YAKIMA – A former Hanford worker has pleaded guilty to conspiracy to defraud the federal government after admitting being paid at least $90,000 for overtime he falsely claimed. Christian Careaga made his first appearance Tuesday in U.S. District Court in Yakima. He is the second Hanford worker to plead guilty after a federal investigation of timecard fraud at the Hanford tank farms under former contractor CH2M Hill Hanford Group. The tank farms store 56 million gallons of radioactive waste in underground tanks until the waste left from weapons plutonium production can be treated for disposal. Careaga may be required to pay a fine of up to $90,000. Court documents do not make clear whether the fine covers overtime pay only for hours not worked or all his claimed overtime. His sentencing is set for May 17.
Teen collapses at school basketball practice
LA CENTER, Wash. — Police in the small southwest Washington community of La Center say a 13-year-old boy collapsed and stopped breathing at a middle school basketball practice. Police Chief Tim Hopkin says the boy collapsed shortly after 5 p.m. Tuesday at the La Center Middle School’s gym. A coach and another man reportedly began cardiopulmonary resuscitation. The unidentified eighth grader was taken first to a Vancouver hospital, then to Legacy Emanuel Medical Center in Portland, Ore. His condition was not known late Tuesday night. La Center School District Superintendent Mark Mansell told The Oregonian on Tuesday night “it’s very serious but all we can do is hope for the best and support our students.” About 450 students attend the school.
Source of petroleum leak in river remains undetermined
LEWISTON – The source of a petroleum leak in the Clearwater River near Orofino remains a mystery, but officials are looking at a number of possibilities including a broken line at a nearby gas station and storage facility. Earl Liverman, an on-scene coordinator from the Environmental Protection Agency based in Coeur d’Alene, said the source could be a broken gas line, an abandoned underground storage tank or something leaching out of an old landfill. The leak is near the Atkinson Distributing Inc., facility which includes a cardlock, or unmanned, gas station and above-ground storage tanks. Liverman said the underground lines at the station were pressure tested in early 2011 and no leaks were found. But that was before a small earthquake centered near Orofino shook the area on Nov. 11.
Authorities: Man kills wife, self in Libby
KALISPELL, Mont. — Authorities are investigating an apparent murder-suicide in Libby involving a husband and wife. Police Chief Jim Smith says 51-year-old Dale Kinniburgh Jr. called 911 at about 6:30 a.m. Tuesday and told the dispatcher he had just killed his wife, 55-year-old Katherine Kinniburgh, and was about to kill himself. The Lincoln County Sheriff’s Department says officers were familiar with the man and called an emergency response team from the Flathead County Sheriff’s Office for assistance. Meanwhile, residents in the neighborhood were cleared from the area. KCFW-TV in Kalispell reports officers entered the home at about 2:15 p.m. and found the bodies.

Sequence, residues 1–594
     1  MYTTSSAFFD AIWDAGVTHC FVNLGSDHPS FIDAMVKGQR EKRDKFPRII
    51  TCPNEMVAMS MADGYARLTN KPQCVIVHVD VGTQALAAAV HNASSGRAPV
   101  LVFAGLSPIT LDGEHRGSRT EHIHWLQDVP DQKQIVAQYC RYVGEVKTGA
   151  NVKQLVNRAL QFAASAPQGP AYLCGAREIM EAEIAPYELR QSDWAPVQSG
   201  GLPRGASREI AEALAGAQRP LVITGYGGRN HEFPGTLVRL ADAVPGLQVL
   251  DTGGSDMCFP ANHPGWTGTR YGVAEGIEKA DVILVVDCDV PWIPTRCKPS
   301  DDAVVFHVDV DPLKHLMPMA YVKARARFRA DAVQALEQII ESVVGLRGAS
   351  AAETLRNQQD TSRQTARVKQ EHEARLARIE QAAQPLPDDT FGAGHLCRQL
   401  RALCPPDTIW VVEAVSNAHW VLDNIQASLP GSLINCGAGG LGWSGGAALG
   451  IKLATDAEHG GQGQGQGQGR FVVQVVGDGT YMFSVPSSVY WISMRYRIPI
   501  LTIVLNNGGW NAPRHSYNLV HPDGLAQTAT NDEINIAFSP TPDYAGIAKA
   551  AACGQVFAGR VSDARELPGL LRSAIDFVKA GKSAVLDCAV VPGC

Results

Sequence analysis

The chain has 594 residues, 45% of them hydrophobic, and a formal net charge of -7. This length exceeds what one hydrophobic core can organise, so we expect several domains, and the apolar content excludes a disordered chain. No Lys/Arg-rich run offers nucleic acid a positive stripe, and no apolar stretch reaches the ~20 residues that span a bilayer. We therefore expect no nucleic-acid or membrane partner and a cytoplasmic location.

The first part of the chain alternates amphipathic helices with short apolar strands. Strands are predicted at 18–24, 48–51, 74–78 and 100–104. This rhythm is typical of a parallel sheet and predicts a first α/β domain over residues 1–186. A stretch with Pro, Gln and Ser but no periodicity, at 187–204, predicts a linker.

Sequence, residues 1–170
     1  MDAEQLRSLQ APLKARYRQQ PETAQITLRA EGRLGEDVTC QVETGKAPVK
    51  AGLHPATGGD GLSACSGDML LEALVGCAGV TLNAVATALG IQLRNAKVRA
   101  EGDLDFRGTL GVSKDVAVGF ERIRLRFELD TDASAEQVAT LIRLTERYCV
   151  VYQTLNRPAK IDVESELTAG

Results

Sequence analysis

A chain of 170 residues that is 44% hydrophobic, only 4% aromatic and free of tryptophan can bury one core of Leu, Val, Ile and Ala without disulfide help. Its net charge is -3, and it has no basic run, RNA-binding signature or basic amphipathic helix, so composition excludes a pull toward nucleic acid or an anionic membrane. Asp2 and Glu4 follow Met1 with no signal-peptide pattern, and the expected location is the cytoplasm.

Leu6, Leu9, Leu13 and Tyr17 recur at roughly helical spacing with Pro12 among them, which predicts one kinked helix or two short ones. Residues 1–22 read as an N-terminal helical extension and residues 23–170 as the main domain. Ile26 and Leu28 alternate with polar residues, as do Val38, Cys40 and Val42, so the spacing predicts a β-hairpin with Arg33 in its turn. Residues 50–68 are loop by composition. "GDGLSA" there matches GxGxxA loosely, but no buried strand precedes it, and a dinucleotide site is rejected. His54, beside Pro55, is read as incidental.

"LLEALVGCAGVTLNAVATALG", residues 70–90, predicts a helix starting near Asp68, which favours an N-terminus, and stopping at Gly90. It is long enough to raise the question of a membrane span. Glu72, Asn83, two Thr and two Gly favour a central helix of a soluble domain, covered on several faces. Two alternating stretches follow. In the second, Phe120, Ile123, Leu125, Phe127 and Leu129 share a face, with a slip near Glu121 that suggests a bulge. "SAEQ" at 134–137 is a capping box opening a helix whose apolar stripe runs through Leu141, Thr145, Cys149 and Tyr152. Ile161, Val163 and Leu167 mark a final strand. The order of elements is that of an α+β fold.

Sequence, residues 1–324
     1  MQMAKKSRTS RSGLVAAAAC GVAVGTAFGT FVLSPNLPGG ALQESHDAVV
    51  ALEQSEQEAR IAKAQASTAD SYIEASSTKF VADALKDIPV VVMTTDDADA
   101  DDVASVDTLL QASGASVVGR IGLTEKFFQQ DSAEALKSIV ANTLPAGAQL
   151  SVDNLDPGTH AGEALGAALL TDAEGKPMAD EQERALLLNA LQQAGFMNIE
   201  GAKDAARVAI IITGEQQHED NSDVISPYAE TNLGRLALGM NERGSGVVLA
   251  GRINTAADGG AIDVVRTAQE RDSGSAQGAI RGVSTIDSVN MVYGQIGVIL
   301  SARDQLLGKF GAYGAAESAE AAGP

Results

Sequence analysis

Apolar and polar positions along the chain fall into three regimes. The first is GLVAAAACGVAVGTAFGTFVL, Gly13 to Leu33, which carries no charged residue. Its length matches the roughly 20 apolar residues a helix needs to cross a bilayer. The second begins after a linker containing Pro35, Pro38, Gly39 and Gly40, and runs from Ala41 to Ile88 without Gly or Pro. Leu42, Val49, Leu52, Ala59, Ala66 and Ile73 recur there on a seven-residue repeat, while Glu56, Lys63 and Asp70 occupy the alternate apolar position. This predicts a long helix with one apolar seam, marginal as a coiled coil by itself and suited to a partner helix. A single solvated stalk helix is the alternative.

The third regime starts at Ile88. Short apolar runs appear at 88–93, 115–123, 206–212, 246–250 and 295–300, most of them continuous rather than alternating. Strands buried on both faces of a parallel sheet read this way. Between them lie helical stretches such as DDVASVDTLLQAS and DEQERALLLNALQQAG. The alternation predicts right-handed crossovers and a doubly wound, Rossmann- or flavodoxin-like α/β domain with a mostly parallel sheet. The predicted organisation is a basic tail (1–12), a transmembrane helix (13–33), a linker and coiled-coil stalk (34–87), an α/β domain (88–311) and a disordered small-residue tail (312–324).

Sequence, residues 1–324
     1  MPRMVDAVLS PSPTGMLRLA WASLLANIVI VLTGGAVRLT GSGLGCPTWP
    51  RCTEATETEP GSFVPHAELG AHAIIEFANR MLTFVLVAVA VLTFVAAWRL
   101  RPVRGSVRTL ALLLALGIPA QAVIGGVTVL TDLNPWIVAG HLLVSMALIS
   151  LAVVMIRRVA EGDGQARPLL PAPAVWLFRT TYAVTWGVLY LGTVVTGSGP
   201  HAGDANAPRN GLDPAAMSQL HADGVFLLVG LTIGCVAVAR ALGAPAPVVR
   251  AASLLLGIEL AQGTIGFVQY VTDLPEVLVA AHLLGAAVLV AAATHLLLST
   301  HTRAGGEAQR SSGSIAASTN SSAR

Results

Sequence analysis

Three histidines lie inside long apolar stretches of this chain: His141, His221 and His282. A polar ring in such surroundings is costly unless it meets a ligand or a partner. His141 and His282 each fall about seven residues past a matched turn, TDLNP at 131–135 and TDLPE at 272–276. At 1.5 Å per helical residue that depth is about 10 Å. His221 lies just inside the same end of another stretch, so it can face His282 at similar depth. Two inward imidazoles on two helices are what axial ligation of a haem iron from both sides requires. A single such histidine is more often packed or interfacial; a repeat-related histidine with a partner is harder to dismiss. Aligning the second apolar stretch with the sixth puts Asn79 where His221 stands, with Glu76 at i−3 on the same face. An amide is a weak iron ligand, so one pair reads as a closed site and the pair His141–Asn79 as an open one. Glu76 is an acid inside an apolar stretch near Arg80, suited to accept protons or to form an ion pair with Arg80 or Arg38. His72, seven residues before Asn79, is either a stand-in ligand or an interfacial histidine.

Lawsuit filed against Cozy Valley Creamery over raw milk case
SEATTLE – The family of a 5-year-old Yelm girl who was sickened by E. coli after drinking raw milk in November filed suit Tuesday against the Cozy Valley Creamery in Tenino for unspecified monetary damages. The lawsuit said three children in Pierce and Thurston counties got sick from the infected milk, which resulted in a recall of the raw milk on Nov. 23 and a state investigation. The suit said the state tested 42 samples, three of which tested positive for E. coli bacteria. The suit added that the 5-year-old Yelm girl was hospitalized for more than a week and now has anemia as a result of the illness. Damages for “loss of enjoyment of life” now and in the future were being sought.
Foreclosure sale of guest ranch property averted
MISSOULA, Mont. — The owners of a high-end guest ranch in western Montana and a Helena construction company have reached an agreement that canceled the sale of some ranch property to satisfy a construction lien. Officials with the Resort at Paws Up and Dick Anderson Construction declined to comment on the amount of the settlement, the Missoulian reported today. Dick Anderson sued Paws Up owner David Lipson’s Monroe Property Co. in 2001, seeking $800,000 for cost overruns on a $10 million contract for an equestrian center, roads and other work on Lipson’s property. After years of litigation, the Montana Supreme Court ruled last June that Dick Anderson could foreclose on Paws Up property to satisfy the construction lien.
Flags lowered Thursday for Longview soldier
LONGVIEW, Wash. — Gov. Chris Gregoire has directed that flags at state buildings be lowered to half-staff Thursday in memory of a Longview soldier who died Dec. 20 while serving in Afghanistan. A celebration of life will be held at 1 p.m. Thursday at the Kelso Eagles for 21-year-old Mikayla A. Bragg. The Army specialist was shot while on guard duty. A military memorial service was held Dec. 29 at Fort Knox, Ky. The Daily News reports Bragg’s father and stepmother, Steven and Amber Bragg, live in Longview. Her mother, Sheyanne Baker, lives in Shelton.